In 2018, Duan et al introduced Arabidopsis thaliana CRY2 into intracellular TrkA (iTrkA) (25), a truncated receptor without the ligand-binding domain (Fig. 1C and D), which significantly reduced receptors' basal activity without light stimulation. Altogether, Duan et al made four different designs (Table I), i) opto-full-TrkA, ii) opto-iTrkA, iii) opto-Lyn-iTrkA, and iv) opto-iTrkA+CAAX. The first construct has a similar design as Chang et al (24), which has a fusion of CRY motif into the full-length receptor. The second construct has the ligand-binding domain removed, whereas the third and fourth construct have an N-terminal membrane anchor (Lyn motif or CAAX motif) to localize the receptors onto the plasma membrane. Among these four different constructs, functional output before and after light activation was evaluated; these include ERK translocation, neurite growth and neuron survival rate. Even though all constructs demonstrated light-induced activities, the opto-iTrkA+CAAX design outperformed the other three constructs by demonstrating higher contrasts after light stimulation (Table II).

This approach was subsequently adapted to another light-sensitive protein containing the LOV domain (Fig. 1E; Tables I and II), which is a protein module present in many plants, microalgae, fungi and bacteria (25). This naturally occurring protein enables cells to sense environmental conditions and to control phototropism. Compared with CRY2 (~67 kDa), the LOV domain is a small, light-sensing module (~12-19 kDa). In this construct, Khamo et al (26) fused LOV domain of the aureochrome1 protein from the yellow-green alga Vaucheria frigida (AuLOV) with iTrkA. AuLOV responds to blue light and is excited at 488 nm, the same wavelength as for CRY2. Following the design by Duan et al (25), Khamo et al (26) used the Lyn motif to position the receptor in the plasma membrane (Fig. 1E). The resultant light-sensitive Lyn-iTrkA-AuLOV was 83 kDa the smallest in size among all designs. Khamo et al (26)demonstrated that activation of optogenetic TrkA significantly promoted cell differentiation. The present study summarized and analysed all the light-induced activities of the different constructs created and characterized from the three independent laboratories (Fig. 2; Table II). There is a general trend among the various functional assays performed that the neuron survival rate test has the highest sensitivity toward light stimulation. Furthermore, the construct (opto-iTrkA-CAAX) with a top-to-bottom design has the highest light sensitivity, manifested by the neuron survival rate assay (ANOVA; F=34.83; P=0.00006). Finally, various flexible linkers (Table I) inserted into the TrkA did not play significant roles in dictating the light-sensitivities of the receptors.

Light modules lend support to the dimerization model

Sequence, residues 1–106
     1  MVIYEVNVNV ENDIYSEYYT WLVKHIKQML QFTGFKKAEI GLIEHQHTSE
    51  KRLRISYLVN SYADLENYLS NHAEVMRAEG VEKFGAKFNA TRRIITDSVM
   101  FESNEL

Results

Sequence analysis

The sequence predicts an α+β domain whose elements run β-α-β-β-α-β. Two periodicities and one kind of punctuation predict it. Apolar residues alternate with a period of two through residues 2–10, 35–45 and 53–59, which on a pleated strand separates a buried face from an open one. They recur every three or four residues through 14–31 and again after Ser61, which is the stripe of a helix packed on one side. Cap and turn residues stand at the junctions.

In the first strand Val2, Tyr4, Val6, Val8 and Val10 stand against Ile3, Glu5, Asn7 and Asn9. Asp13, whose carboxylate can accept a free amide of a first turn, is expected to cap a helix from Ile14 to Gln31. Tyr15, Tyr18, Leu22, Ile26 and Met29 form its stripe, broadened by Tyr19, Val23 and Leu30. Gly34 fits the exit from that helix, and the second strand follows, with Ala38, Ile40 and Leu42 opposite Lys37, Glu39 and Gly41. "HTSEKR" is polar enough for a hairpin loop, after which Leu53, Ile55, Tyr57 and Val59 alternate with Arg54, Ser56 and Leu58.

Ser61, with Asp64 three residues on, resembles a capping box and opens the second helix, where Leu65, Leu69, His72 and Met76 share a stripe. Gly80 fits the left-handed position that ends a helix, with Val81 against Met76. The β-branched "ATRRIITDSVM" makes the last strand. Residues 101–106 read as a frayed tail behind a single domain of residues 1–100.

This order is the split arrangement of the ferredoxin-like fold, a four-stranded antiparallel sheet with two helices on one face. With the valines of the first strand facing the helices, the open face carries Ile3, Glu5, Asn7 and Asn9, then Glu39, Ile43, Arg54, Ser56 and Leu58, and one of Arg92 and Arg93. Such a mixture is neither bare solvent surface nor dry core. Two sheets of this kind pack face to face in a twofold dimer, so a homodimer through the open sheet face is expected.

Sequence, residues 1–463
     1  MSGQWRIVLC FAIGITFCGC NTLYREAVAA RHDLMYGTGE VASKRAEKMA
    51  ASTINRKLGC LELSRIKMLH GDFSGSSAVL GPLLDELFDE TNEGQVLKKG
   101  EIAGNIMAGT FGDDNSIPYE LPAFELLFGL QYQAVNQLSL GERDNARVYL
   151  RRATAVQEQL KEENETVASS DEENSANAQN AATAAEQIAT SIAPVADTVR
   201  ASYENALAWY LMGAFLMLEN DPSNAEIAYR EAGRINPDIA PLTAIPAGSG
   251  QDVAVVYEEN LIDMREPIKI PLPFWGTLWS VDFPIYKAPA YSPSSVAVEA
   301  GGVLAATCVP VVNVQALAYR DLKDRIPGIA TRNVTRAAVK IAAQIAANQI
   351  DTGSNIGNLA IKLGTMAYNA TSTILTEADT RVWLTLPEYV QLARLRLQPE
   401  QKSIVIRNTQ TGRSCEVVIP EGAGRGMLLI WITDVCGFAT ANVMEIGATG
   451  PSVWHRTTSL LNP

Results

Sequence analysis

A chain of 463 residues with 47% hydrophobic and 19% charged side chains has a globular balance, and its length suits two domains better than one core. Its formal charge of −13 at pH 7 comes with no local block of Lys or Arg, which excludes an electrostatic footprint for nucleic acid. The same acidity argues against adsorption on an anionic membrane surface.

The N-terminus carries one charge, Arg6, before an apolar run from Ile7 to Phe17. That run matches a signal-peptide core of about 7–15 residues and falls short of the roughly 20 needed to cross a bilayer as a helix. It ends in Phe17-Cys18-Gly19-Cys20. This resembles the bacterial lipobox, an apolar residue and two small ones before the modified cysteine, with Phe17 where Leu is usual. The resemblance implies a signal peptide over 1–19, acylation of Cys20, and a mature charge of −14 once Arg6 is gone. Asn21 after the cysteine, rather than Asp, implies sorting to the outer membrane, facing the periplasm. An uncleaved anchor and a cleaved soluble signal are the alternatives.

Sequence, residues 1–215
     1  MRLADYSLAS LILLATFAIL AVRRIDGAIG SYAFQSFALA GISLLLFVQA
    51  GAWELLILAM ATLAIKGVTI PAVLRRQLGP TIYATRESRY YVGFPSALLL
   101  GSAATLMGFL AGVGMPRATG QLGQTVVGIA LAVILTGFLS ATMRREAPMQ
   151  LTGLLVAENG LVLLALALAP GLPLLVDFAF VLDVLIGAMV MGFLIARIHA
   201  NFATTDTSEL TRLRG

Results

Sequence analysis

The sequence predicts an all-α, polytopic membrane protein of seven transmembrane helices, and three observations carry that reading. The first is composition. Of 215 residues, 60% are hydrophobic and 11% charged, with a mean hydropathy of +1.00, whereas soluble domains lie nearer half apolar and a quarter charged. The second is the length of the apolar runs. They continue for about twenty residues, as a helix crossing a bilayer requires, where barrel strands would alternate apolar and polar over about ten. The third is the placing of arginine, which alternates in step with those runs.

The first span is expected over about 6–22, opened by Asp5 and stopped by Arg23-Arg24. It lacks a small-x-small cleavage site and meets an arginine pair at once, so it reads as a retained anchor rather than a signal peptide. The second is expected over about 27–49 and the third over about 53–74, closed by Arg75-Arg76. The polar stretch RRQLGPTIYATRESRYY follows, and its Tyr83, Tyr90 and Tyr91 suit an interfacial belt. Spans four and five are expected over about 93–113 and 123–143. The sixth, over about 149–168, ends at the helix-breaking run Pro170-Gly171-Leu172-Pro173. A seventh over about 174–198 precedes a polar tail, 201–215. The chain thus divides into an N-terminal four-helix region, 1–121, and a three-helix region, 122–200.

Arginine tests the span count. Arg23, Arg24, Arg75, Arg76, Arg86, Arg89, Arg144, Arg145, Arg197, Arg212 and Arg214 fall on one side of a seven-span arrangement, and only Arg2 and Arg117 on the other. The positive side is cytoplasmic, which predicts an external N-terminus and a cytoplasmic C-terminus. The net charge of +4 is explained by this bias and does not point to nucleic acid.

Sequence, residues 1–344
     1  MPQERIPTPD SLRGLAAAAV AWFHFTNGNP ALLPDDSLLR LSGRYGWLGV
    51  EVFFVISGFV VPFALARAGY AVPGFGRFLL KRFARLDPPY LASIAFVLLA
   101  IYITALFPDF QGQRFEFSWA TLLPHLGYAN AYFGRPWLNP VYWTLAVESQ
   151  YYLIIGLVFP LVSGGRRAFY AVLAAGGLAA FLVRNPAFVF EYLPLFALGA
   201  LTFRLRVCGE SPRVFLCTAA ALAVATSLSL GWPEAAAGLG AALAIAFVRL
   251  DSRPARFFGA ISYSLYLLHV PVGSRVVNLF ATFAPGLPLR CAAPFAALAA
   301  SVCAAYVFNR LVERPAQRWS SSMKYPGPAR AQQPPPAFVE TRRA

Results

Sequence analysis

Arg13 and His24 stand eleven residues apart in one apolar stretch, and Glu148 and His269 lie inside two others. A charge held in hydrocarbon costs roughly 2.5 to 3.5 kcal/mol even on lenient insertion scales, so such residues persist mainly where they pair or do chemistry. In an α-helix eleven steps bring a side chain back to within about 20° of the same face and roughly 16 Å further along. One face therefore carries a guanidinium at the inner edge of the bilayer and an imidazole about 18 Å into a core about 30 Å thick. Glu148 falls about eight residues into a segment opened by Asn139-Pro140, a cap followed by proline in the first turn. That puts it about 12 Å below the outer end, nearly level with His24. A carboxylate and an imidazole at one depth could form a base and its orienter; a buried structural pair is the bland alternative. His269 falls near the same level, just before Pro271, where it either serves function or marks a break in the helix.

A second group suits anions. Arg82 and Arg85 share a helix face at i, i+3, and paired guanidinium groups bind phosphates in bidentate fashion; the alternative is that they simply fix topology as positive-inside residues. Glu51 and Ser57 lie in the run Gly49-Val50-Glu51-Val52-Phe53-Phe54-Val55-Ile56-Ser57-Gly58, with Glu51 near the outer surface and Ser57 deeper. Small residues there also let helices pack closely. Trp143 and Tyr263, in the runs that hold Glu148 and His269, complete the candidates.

The light-dependent alterations of the TrkA receptors analysed above, allow us to reach new conclusions regarding possible activation mechanisms in TrkA signalling when combined with structural information. In contrast with the extensive characterization of kinase domains of EGFR and insulin receptors (2730), very little is known for the TrkA receptor. To date, there is only one isolated kinase domain of TrkA available (PDB: 4GT5), in which three of the tyrosines (Y670, Y674, Y675) could be located in the activation loop (highlighted in orange in Fig. 3A). This structure is considered to represent the inactive state because none of the tyrosine residues are phosphorylated. This makes it possible to analyse TrkA in the inactive state. In this structure, Y670 situates on a slightly more structured α-helix compared with the Y674 and Y675 sites, which are both in the non-structured loop region. Inspired by the publication of Cunningham and Greene (27), which proposed TrkA kinase 3D structural models based on the insulin receptor IRK, the present study compared the available X-ray crystal structure of inactive TrkA kinase domain with the inactivated (PDB: 1IRK) (Fig. 3B) (28) and the activated (PDB: 1IR3) (Fig. 3C) (30) kinase domain of IRK. To the best of our knowledge, such TrkA structural comparison with IRK was not yet available. This analysis, for the first time, demonstrated that these domains both have the three activation loop phosphotyrosines (Y1158, Y1162, and Y1163) that are the direct homologous sequence of those in TrkA (Fig. 3). It was noticed that in IRK, the activation loop had undergone a significant conformational switch from inactivated to the activated state, exposing Y1158 (the equivalent of Y670 in TrkA) to the protein exterior in an entirely solvent-exposed environment, whereas the Y1162 (the equivalent of Y674 in TrkA) and Y1163 (the equivalent of Y675 in TrkA) remain relatively unchanged. Because the conservation of TrkA activation within the family of RTK, therefore, we hypothesized that the activation loop of TrkA may adopt conformational changes similar to what has been observed in IRK, which means that such change in the activation loop may promote dimerization of the kinase domain. A threshold model was proposed by Zinkle and Mohammadi (8) to explain RTK activation. In their model, they differentiate transit dimers and potent dimers. When RTK forms transit dimers, they are unable to phosphorylate kinetically disadvantaged sites, whereas RTK forms potent a dimer which enables specific downstream signals and influence the cellular response.